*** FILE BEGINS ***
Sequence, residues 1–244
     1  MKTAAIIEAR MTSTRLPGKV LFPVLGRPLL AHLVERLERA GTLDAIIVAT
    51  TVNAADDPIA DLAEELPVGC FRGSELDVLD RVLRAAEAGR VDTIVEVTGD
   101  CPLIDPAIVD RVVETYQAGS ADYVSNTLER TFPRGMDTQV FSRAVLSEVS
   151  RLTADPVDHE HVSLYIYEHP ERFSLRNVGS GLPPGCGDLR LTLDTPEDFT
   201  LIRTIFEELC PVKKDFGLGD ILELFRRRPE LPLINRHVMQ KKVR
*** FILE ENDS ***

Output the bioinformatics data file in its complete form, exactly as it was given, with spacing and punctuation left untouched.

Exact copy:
Sequence, residues 1–244
     1  MKTAAIIEAR MTSTRLPGKV LFPVLGRPLL AHLVERLERA GTLDAIIVAT
    51  TVNAADDPIA DLAEELPVGC FRGSELDVLD RVLRAAEAGR VDTIVEVTGD
   101  CPLIDPAIVD RVVETYQAGS ADYVSNTLER TFPRGMDTQV FSRAVLSEVS
   151  RLTADPVDHE HVSLYIYEHP ERFSLRNVGS GLPPGCGDLR LTLDTPEDFT
   201  LIRTIFEELC PVKKDFGLGD ILELFRRRPE LPLINRHVMQ KKVR